Beating bowel cancer together

Richard Bingham, East Sussex

I was 38 when I was diagnosed with bowel cancer in May 2016. When I was diagnosed, I found out the cancer had spread to my liver, meaning I was at stage 4. Later some “nodules” were spotted in my lungs in October 2016.

Symptoms started in February 2016, when I felt a pain in my backside, with a feeling akin to having a golf ball lodged up there! I also had changes in my bowel motions.  I waited about a month from getting my symptoms to going to see the doctor.

When I first went to the doctor, it was initially diagnosed as possible IBD so I went away with some pills under instructions to return in two weeks if they didn’t help. The thought that it could be cancer did cross my mind but didn’t realistically think that aged 38 it was very likely. I believe it was discussed briefly with the GP who acknowledged that, while it was unlikely, it was a possibility.

I returned two weeks later, in April 2016, and pushed for a colonoscopy. The GP organised it, but the wait was going to be several weeks. I am lucky enough to have private health insurance, so I organised one privately which took place a couple of weeks after my last chat with the GP. It was immediately after the colonoscopy, which took place in late April 2016, that I got my diagnosis.

For treatment, initially I had one round of chemo which gave me Chemo-Induced Colitis and left me in hospital for two and a half weeks being fed through a tube. This was due to an undiagnosed DPD-deficiency meaning certain types of chemo were dangerous to me.  Once I had recovered, I had 25 rounds of radiotherapy over the summer of 2016 followed by a Total Mesorectal Excision in November 2016 along with the fitting of a stoma bag. This was followed by six rounds of chemo (on a reduced dose), then liver surgery in April 2017 to remove half my liver, my gallbladder and a tumour. In May 2017 I had another 6 rounds of chemo and my stoma was reversed in August 2017.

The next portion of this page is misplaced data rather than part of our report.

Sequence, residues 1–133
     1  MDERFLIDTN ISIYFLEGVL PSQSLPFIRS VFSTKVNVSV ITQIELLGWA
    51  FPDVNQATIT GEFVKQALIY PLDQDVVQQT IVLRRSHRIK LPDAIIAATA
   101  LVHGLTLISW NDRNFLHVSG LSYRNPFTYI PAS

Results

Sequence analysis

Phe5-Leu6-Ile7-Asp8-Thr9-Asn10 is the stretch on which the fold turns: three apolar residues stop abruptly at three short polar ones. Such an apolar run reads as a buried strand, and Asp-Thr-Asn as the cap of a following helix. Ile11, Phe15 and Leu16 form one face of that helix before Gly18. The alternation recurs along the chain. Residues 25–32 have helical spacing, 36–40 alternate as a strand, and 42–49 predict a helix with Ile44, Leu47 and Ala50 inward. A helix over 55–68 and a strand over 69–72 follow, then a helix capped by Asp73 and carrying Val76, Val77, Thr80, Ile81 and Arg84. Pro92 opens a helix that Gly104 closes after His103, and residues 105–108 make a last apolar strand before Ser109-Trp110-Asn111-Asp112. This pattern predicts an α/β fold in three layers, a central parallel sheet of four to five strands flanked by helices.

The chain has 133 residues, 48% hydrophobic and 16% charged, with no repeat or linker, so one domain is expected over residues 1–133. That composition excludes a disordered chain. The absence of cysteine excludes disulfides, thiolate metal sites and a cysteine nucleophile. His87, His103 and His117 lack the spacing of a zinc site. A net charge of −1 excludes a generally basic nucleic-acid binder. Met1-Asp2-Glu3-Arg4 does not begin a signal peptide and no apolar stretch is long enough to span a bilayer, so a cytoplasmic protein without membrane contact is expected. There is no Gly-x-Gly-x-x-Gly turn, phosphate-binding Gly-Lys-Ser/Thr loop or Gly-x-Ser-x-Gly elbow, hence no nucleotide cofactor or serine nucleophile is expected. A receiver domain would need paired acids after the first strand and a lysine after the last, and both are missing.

A scan in September then showed changes to the tumours in my lungs so there was yet more chemo before the lung tumours were “zapped” using Radio Frequency Ablation (RFA) early in the 2018.

The thought that it could be cancer did cross my mind but didn’t realistically think that aged 38 it was very likely

Throughout 2018 I had sporadic bursts of chemo as well as RFA on a new tumour that appeared in my liver, all the while suffering from fissures in my anus which meant bowel movements were excruciating.  These were eventually treated with, believe it or not, botox injections in my bum (while I was under anaesthetic) which helped greatly after a while.

I was forced to have a break from chemo in early 2019 owing to adhesions in my abdomen which were finally dealt with in February 2019, but in the interim the cancer went a bit crazy, especially in my lungs where, at the last count there were about 40 growths. The cancer is also now confirmed in my lymphatic system. I am continuing with chemo to try to bring the cancer under control again so I am currently back in a “wait and watch” situation.